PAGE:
John Gumperz dedicated his life to language. A UC Berkeley professor emeritus of anthropology, he died at the age of 91 on Friday in Santa Barbara.
Gumperz was an intellectual and adventurer — a curious, unassuming scholar who studied people and language all around the world. He used his research to fill the gaps that written language could not, focusing linguistic study on solving issues of social justice and helping people communicate across cultural boundaries.
He brought this passion for language to UC Berkeley, where he taught for 35 years until his retirement in 1991. The professor pioneered research in linguistic anthropology — studying language as a social and cultural endeavor as well as a form of written communication.
“He was totally unpretentious,” said lifelong friend and colleague Dan Slobin, who is a professor emeritus of psychology and linguistics at UC Berkeley. “I struggled at first to make sense of him and was finally just overwhelmed at how profound his ideas were.”
Among the focuses of Gumperz’s work was code-switching, a process in which speakers use multiple languages in one conversation. He also studied the way culture affected linguistics, finding at times that two people speaking the same language were in fact communicating very differently, depending on the different environments in which they learned to speak.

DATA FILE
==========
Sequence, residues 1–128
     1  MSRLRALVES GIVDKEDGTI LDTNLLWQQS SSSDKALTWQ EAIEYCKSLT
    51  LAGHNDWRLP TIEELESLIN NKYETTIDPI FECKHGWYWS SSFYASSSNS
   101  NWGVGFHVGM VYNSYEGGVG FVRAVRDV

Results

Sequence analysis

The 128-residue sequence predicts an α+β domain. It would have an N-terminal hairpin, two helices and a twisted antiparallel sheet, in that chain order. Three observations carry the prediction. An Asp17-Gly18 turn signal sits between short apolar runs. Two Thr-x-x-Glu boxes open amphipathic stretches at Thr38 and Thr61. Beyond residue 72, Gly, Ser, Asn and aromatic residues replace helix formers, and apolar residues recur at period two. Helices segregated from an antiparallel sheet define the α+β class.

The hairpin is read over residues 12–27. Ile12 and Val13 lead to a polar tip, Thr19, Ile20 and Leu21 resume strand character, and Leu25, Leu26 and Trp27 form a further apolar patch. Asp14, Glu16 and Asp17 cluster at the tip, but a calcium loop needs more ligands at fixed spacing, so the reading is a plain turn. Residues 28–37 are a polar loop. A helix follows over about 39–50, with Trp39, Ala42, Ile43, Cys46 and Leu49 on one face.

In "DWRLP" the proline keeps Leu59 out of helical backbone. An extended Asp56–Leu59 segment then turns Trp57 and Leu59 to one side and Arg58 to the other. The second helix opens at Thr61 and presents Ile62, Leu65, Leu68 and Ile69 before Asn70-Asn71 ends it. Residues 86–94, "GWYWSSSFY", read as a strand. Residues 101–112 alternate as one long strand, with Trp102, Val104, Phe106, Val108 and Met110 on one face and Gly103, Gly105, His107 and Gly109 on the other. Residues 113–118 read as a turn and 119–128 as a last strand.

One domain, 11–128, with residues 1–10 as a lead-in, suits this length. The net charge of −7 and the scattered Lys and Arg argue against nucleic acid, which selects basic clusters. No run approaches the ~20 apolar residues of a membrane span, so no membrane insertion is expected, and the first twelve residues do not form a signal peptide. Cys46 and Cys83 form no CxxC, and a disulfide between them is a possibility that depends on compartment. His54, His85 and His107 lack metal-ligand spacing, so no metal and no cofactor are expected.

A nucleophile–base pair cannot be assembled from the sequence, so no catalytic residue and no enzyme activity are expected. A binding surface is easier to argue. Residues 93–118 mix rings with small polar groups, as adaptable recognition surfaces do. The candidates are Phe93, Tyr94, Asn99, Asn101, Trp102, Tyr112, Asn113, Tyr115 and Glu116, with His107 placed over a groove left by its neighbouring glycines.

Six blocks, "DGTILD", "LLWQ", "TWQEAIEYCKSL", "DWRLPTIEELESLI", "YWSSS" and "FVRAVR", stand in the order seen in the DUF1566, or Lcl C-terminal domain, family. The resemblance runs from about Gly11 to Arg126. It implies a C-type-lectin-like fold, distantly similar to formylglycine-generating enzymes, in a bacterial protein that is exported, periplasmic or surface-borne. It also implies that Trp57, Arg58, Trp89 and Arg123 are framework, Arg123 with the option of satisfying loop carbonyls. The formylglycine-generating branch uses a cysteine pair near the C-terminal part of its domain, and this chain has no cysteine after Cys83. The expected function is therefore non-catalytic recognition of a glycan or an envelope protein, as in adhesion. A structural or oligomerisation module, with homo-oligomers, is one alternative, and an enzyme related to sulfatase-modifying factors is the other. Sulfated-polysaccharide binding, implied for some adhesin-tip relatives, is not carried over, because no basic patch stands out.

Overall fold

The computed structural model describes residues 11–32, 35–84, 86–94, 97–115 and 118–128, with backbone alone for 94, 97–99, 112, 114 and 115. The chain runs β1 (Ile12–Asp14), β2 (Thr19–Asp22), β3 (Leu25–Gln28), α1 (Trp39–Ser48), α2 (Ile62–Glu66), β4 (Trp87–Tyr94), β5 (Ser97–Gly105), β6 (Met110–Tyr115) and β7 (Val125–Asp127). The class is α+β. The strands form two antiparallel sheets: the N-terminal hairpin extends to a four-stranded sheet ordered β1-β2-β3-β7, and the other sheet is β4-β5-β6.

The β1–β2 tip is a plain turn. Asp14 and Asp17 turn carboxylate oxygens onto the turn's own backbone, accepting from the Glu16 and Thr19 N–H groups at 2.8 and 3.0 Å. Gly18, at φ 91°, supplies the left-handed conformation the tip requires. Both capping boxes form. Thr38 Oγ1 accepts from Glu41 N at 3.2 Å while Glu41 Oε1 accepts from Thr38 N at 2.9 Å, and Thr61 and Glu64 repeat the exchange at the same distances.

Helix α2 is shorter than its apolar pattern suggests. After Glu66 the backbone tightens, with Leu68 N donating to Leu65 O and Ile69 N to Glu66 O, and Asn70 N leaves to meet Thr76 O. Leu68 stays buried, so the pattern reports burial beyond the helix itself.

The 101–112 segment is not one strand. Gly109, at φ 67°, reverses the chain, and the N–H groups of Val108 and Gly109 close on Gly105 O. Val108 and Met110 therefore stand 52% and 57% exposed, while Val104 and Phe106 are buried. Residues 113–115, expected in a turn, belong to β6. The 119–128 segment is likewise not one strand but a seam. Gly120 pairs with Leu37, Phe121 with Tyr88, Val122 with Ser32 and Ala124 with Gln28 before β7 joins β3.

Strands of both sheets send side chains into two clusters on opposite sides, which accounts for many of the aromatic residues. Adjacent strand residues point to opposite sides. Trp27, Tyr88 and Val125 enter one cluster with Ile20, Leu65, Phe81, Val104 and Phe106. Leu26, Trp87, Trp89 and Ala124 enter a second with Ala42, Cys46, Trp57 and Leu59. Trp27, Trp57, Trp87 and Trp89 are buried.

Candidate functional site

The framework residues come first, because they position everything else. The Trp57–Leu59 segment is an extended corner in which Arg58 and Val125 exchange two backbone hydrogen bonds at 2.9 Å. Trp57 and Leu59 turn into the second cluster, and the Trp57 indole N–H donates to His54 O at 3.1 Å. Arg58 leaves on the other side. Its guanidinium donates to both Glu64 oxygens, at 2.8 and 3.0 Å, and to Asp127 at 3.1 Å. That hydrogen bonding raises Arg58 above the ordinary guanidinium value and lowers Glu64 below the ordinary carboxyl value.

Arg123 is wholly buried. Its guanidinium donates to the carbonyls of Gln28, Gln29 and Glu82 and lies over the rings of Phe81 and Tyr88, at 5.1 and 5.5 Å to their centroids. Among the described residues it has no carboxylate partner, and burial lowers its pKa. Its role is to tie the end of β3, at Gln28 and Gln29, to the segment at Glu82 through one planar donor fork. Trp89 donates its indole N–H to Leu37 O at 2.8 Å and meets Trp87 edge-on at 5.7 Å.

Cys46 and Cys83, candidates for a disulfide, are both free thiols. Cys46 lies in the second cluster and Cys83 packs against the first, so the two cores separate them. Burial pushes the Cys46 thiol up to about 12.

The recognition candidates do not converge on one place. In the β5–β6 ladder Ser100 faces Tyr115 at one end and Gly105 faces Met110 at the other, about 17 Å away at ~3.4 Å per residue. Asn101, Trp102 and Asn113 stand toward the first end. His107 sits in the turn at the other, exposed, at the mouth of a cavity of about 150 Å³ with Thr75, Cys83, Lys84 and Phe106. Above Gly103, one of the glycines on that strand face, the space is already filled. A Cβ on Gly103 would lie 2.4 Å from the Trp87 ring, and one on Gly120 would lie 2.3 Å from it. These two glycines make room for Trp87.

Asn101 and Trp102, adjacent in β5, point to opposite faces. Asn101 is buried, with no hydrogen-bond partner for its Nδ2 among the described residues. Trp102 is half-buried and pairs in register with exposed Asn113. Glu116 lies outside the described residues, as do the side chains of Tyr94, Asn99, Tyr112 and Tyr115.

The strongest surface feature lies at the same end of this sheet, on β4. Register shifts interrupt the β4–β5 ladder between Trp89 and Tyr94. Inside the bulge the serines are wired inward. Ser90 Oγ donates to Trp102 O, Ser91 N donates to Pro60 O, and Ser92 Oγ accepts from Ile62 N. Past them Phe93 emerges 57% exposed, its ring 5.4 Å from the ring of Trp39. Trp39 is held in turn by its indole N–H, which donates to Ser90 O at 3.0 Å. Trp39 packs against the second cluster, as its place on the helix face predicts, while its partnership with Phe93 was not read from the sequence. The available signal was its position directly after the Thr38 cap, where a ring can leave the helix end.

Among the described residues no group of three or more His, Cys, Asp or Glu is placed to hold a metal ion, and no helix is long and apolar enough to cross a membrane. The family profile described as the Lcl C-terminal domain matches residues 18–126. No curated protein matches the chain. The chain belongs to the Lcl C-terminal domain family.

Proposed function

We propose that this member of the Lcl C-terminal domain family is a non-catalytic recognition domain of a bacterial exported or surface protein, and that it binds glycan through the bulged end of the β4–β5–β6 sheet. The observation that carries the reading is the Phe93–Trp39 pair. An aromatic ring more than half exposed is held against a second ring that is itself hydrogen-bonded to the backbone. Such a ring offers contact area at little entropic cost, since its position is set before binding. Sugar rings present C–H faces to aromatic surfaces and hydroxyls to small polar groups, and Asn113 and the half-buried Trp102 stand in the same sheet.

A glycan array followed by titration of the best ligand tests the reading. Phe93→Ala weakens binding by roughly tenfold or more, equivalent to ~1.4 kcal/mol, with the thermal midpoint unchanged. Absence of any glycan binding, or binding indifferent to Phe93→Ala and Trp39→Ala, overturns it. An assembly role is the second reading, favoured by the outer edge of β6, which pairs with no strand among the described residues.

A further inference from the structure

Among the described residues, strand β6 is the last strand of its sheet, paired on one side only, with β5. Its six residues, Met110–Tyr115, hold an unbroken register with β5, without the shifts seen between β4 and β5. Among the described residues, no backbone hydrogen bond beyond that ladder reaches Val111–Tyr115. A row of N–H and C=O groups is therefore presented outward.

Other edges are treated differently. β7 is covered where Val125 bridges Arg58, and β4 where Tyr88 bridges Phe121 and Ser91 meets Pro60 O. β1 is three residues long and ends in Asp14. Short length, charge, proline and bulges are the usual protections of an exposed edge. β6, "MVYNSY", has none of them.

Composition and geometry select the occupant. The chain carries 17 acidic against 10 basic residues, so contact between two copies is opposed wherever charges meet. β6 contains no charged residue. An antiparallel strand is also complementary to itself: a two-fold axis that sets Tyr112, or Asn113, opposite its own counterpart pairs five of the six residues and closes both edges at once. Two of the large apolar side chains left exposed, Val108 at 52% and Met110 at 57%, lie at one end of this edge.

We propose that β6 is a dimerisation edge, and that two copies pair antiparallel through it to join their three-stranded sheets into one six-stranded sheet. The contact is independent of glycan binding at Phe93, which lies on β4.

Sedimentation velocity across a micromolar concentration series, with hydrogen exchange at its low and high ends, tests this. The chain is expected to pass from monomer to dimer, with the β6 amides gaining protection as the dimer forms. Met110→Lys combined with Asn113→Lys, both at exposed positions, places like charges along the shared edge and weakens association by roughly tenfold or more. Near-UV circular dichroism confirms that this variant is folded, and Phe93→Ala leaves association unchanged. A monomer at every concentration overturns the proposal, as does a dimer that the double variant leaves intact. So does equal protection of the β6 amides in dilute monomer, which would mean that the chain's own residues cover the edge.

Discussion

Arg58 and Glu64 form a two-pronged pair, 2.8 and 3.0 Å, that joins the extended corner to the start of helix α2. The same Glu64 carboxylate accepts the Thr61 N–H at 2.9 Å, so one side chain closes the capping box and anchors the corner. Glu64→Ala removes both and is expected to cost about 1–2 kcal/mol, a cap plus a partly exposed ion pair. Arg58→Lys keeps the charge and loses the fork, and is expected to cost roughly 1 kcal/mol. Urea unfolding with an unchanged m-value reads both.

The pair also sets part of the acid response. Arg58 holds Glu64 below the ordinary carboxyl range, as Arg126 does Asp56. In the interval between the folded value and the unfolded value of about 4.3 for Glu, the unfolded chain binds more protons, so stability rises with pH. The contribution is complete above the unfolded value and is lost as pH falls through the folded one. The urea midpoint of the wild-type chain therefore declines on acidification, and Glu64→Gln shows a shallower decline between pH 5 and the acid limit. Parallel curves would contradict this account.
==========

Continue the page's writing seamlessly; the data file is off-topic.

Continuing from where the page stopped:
Born in 1922, Gumperz quickly became a scholar of language when he left his native Germany to finish high school in Italy. This move was prompted by an increasingly dangerous Nazi regime, which Gumperz, a Jew, eventually escaped by moving to Holland and then the United States in 1939.
Gumperz completed his education in the United States, eventually earning a doctorate in Germanic linguistics at the University of Michigan in 1954. He went on to work in India alongside other linguists, a post that had a lasting influence on his research.
Gumperz was an engaging, amiable man who could sit down with professors and farmers alike to talk about the world.
“He had a way of being totally at ease with people,” Slobin said. “He would just sit down with them. He was such a sweet man.”
This interest in people led Gumperz to the center of a vibrant intellectual community in Berkeley, which formed in the early 1960s. He often hosted dinner parties where graduate students and professors from different disciplines would discuss and share ideas, a practice that led to great support for interdisciplinary studies at UC Berkeley.
“We had constant afternoon and evening dialogues,” said Susan Ervin-Tripp, a professor emeritus who taught psychology while Gumperz was at UC Berkeley. “It was an exciting time.”
Gumperz left the UC Berkeley community after retiring but continued to work and study linguistics until his death.
“He opened people’s eyes to the fact that language isn’t just the language you read in texts,” Slobin said. “It’s in face-to-face interactions.”